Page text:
RFC: Time Library 0.3

Ashley Yakeley ashley at semantic.org
Mon Feb 6 03:00:44 EST 2006

Please take a look at my third draft of a replacement for the standard 
time library.

Take a look at the Haddock documentation:

Download the source:

Or keep up-to-date:
darcs get http://semantic.org/TimeLib/TimeLib/

It needs GHC 6.4.1. (I haven't tested with 6.4 or other compilers.) It 
consists of two separate Cabal packages, "fixed" and "time", which can 
be installed in the usual way. See the README file.

This release should be close to being ready to become part of the 
libraries distributed with some future version of GHC. I'm interested in 
any remaining issues.

Major changes since 0.2:

* The code has been reorganised into two separate packages, "fixed", 
containing only Data.Fixed for fixed-point arithmetic, and "time", 
containing everything else.

* The modules in "time" have been reorganised. The three "first level" 
modules, Data.Time.*, contain functionality that most ordinary users 
want. The "root" module, Data.Time simply re-exports these three. The 
"second level" modules, Data.Time.*.*, contain more specialised 

Some points (largely repeated from the 0.2 RFC):

1.  There is no leap second table provided, though there is a type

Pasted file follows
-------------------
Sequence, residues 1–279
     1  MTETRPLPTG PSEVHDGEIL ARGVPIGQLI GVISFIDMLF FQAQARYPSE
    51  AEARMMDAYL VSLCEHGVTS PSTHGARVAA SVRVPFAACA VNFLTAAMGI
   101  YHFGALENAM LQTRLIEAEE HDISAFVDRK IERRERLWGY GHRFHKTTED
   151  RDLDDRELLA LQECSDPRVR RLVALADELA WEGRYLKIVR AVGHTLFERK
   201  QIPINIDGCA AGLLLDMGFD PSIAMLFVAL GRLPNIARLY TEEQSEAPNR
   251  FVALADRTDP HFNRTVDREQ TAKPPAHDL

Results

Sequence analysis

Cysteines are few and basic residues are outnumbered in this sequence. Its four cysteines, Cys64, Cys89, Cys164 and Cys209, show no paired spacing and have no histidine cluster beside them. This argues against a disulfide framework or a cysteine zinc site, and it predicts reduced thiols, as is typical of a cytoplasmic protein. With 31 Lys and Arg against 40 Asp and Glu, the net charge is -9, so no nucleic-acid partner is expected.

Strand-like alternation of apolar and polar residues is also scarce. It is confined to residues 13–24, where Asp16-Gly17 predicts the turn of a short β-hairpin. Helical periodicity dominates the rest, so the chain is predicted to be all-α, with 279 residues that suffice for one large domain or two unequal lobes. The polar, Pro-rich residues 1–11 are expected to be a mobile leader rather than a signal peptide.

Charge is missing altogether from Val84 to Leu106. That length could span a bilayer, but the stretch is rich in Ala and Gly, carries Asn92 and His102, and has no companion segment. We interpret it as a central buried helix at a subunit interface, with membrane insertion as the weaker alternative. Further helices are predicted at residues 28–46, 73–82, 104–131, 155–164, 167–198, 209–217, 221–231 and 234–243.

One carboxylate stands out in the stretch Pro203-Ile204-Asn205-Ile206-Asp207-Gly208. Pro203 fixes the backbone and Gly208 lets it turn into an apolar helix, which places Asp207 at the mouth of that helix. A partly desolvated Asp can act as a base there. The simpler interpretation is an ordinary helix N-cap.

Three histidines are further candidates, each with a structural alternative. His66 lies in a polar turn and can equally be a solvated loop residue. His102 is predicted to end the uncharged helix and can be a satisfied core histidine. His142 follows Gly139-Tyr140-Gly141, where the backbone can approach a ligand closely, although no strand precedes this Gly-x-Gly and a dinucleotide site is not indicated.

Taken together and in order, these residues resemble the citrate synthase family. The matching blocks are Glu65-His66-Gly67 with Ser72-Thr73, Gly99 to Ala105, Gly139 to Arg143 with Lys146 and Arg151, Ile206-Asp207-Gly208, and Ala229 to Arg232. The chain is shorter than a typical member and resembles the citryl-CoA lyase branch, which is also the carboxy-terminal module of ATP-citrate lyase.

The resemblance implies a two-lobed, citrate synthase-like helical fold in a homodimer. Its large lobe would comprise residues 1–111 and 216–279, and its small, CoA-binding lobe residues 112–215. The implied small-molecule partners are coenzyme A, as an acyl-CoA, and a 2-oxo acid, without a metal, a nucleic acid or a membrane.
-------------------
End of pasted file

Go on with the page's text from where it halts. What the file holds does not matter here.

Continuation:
(LeapSecondTable) for such things. Any software compiled with a fixed 
table would soon become out of date.

2. There is no table of time-zones provided, since these also change. 
However, if there's a good way of getting this from the TZ database on 
the machine, I'll add that.

It is actually possible to get the local time-zone for any given time, 
indeed one of the test programs finds your local summertime transitions. 
The Timezone type includes name, minutes of offset, and a "summertime" 

3. The TimeLocale type comes from the already existing System.Locale.

4. The "fixed" package includes Data.Fixed which provides a fixed-point 
arithmetic type (wrapper around Integer). It allows dealing with seconds 
as a single thing, rather than as an integer/picoseconds pair. It should 
probably be merged into base.

5. I don't have any text-parsing functionality for times. This is a fair 
amount of work, so it would be good to know sensible requirements.

6. Time as measured by the CPU since system startup remains in 
System.CPUTime, which TimeLib does not intend to replace.

Ashley Yakeley, Seattle WA

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